- One of the tragic ironies of the violent anti-government protests is that young Hongkongers are becoming unemployable, especially in well-paid jobs with good career prospects
Young people in Hong Kong are becoming unemployable, especially in well-paid jobs with good career prospects, according to a Financial Times report. That has to be one of the tragic ironies of the violent anti-government protests of the past six months. Ostensibly, young rebels are fighting for their future. But they are compromising their immediate employability.
Of course, this problem has been there all along, ever since much more competitive and cooperative mainland graduates started flooding the local job market, particularly in the financial sector.
But the violent protests have only made the already bad reputation of young locals as self-centred snowflakes who require extensive supervision and training even more alarming to bosses. Sadly, this open secret has been kept from young protesters who innocently drink the Kool-Aid served up by their glorifiers, do-gooders and manipulators.
According to the Times, "interviews with senior executives at several financial services companies " including banks, asset managers, accountancies and law firms " suggest the reluctance to hire Hongkongers extends far wider than mainland Chinese banks.
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"The executives said they fear recruiting anyone who has participated in activities deemed illegal by local authorities during the protests … Managers at three Hong Kong-based global hedge funds said they would implement an unofficial hiring freeze on locals.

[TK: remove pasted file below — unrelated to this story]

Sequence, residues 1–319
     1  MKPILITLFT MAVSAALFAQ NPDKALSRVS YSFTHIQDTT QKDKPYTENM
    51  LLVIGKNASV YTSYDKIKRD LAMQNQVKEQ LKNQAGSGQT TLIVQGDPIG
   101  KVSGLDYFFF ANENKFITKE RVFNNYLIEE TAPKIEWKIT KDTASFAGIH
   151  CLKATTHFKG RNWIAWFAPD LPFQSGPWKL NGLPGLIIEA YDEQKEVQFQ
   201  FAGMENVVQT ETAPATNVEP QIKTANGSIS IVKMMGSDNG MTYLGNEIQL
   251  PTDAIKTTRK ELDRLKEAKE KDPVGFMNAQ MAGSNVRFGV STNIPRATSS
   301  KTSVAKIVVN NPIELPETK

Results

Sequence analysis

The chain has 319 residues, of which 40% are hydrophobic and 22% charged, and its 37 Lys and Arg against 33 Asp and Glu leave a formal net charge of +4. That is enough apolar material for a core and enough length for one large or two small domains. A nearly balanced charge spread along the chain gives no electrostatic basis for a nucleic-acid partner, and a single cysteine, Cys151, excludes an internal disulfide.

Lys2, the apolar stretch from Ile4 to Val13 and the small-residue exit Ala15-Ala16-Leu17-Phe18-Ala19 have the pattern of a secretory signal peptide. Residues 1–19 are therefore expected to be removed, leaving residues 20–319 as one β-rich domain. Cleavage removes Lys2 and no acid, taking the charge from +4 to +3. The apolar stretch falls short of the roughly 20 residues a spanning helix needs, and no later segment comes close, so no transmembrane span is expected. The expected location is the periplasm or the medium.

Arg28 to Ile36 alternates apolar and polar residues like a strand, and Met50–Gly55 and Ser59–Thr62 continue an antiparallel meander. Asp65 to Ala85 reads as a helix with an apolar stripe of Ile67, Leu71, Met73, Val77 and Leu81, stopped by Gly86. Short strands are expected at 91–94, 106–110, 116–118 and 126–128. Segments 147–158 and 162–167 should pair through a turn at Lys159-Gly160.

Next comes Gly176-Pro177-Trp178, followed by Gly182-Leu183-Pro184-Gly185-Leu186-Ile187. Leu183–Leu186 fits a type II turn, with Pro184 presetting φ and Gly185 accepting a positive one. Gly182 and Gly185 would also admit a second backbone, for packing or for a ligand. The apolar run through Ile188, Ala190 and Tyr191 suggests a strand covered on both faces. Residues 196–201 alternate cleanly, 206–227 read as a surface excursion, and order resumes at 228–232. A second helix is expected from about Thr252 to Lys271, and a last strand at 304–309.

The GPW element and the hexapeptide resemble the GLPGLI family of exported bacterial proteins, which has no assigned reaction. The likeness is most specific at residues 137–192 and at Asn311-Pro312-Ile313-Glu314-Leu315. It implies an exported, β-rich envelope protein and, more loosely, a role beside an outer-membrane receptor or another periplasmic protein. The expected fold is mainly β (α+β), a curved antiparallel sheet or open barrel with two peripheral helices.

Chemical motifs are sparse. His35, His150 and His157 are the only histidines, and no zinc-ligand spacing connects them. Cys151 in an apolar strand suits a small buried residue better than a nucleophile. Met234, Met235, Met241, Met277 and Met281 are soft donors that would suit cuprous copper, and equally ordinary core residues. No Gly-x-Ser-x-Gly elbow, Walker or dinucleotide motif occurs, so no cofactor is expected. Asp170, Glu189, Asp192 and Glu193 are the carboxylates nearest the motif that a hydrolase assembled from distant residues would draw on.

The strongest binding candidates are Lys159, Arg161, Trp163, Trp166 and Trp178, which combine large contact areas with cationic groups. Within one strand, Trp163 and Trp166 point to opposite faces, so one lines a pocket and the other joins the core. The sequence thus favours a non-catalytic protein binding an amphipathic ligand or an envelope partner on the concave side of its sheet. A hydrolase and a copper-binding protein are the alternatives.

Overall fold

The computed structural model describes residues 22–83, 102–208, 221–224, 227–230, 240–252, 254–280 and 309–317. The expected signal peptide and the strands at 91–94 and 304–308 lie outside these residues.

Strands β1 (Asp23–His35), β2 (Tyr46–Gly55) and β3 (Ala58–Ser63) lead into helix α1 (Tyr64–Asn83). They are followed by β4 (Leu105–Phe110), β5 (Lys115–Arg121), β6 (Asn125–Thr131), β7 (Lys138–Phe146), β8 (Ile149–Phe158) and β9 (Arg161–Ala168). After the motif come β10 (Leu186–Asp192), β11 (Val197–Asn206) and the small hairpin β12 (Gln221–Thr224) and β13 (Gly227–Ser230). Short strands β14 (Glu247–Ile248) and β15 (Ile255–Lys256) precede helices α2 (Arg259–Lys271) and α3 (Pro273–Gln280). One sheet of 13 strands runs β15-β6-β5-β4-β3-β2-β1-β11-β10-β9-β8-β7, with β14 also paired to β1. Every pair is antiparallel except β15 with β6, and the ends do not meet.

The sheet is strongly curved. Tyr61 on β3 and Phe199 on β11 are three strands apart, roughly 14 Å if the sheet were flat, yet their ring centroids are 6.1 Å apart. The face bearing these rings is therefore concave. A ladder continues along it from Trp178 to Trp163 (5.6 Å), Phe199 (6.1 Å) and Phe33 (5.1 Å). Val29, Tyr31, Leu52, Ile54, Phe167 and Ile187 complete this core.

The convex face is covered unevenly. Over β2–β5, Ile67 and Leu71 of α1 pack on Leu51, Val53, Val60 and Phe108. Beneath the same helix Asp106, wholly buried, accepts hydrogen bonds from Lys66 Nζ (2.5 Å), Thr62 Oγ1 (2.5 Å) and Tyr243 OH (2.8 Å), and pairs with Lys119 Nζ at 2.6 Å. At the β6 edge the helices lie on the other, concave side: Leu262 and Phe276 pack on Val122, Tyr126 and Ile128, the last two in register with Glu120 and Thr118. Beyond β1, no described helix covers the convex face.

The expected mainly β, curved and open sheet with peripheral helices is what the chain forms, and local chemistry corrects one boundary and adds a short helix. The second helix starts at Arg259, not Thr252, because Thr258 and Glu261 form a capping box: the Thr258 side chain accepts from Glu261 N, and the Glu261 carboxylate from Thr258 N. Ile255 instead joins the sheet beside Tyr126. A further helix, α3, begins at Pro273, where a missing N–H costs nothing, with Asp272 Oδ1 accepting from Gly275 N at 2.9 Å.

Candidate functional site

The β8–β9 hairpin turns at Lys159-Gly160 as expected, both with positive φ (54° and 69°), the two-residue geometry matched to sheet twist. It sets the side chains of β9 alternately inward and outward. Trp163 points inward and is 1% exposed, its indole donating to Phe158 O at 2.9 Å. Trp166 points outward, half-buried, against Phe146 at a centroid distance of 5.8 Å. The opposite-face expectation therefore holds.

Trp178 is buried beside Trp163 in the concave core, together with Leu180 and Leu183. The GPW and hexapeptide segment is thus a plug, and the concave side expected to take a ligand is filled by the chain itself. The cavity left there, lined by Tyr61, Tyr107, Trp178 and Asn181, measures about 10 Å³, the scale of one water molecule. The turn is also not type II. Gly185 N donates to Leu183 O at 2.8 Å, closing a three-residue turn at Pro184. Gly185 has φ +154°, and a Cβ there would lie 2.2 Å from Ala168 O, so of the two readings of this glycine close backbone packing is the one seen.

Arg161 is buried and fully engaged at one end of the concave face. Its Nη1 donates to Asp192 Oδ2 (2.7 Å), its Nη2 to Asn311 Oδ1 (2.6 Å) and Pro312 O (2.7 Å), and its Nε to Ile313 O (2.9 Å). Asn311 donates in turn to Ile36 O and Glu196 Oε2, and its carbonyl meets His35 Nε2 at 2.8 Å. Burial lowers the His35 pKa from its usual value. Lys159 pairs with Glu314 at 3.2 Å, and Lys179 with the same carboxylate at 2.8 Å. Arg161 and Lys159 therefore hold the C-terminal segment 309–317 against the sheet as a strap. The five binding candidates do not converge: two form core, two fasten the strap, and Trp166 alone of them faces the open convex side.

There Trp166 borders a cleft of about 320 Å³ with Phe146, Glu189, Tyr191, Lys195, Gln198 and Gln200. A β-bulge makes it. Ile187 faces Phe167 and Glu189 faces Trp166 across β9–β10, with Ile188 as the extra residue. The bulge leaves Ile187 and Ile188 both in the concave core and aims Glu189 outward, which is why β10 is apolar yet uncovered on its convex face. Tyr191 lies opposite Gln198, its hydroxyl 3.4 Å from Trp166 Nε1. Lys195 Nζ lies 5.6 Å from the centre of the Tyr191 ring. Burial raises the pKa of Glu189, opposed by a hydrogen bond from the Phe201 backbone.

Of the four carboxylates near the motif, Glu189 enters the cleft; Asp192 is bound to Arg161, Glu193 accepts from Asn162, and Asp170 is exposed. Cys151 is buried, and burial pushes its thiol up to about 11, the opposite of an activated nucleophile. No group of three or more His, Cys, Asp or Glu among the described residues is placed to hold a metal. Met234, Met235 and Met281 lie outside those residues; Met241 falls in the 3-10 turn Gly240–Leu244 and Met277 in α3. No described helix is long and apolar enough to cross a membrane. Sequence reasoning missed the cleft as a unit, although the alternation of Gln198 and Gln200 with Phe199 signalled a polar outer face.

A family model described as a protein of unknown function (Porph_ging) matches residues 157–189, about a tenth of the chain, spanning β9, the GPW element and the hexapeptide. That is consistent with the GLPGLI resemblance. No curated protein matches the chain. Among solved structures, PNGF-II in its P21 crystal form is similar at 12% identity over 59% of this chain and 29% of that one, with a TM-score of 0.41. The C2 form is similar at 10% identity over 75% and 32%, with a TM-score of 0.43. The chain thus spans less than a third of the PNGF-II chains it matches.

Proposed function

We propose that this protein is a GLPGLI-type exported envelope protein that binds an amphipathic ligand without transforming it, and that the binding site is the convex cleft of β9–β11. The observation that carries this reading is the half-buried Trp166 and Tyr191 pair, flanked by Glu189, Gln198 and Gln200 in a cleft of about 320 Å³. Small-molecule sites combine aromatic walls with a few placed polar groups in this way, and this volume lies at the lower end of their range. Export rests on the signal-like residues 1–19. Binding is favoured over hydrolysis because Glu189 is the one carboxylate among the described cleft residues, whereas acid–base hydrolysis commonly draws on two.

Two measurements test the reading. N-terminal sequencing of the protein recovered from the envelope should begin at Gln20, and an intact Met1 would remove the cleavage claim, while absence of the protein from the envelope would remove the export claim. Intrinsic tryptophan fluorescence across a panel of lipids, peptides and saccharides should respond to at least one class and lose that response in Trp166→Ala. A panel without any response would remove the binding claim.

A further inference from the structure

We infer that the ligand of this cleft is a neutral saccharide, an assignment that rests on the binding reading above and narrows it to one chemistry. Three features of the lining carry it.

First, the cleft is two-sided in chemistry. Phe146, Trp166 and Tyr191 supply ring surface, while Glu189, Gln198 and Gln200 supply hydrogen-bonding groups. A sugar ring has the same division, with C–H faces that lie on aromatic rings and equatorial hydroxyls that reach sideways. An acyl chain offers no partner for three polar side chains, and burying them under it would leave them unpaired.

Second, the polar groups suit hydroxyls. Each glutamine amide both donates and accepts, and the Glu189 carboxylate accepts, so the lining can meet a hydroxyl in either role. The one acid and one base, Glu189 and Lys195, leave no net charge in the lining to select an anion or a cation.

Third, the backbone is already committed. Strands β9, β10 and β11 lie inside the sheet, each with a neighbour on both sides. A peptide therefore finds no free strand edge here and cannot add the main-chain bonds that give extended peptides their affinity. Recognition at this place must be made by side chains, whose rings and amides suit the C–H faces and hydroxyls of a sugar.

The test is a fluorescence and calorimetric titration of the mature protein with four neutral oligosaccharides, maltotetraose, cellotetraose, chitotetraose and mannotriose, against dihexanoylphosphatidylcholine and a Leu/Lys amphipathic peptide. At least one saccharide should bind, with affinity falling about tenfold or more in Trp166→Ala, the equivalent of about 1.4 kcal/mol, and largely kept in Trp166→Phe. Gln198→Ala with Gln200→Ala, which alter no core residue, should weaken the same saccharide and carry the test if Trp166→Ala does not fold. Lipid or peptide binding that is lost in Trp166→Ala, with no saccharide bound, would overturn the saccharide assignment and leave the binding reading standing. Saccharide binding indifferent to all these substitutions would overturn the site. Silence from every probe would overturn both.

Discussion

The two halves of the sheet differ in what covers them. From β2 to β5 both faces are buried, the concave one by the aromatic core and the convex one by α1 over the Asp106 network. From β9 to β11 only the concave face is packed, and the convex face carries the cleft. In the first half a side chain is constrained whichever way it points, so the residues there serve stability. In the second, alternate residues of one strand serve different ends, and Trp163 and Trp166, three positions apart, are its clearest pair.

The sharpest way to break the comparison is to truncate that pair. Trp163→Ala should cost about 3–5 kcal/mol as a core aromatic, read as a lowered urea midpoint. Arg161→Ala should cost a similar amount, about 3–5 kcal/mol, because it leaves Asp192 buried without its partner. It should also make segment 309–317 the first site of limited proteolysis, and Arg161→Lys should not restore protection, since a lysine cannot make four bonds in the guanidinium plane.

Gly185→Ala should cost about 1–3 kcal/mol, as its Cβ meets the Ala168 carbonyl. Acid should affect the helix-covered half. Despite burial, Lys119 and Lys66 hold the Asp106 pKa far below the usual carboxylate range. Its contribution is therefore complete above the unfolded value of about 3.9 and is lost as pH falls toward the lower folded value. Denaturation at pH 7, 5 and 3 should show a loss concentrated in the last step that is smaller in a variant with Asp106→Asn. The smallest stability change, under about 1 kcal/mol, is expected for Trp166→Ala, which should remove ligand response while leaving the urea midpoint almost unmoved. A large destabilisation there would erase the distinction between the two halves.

"One mainland Chinese partner at the Hong Kong office of an international law firm said he would avoid hiring anyone who had taken part in violent protests. 'I would ask if they have participated in the violence because I wouldn't want that logic, using violence to achieve your demands, that's not how the rule of law works,' said the lawyer."
The Times interviewed Baptist University management lecturer Felix Yip who said "human resource executives are more hesitant to hire locals and were increasing their 'background checks' of personal social media accounts.
"'They will not say it publicly but informally they are hesitant to hire Hong Kong young graduates,' he said."
Of course, since colonial times, many foreign firms have preferred new hires educated overseas or from their own countries. Now some may not want to rub Beijing up the wrong way by hiring rebellious locals. But that would only be a concern for someone being considered for a responsible position. For junior hires, it gets down to employability.
Whether fair or not, a post-handover generation that is perceived as entitled, violent and lacking in work ethics doesn't make for ideal employees.
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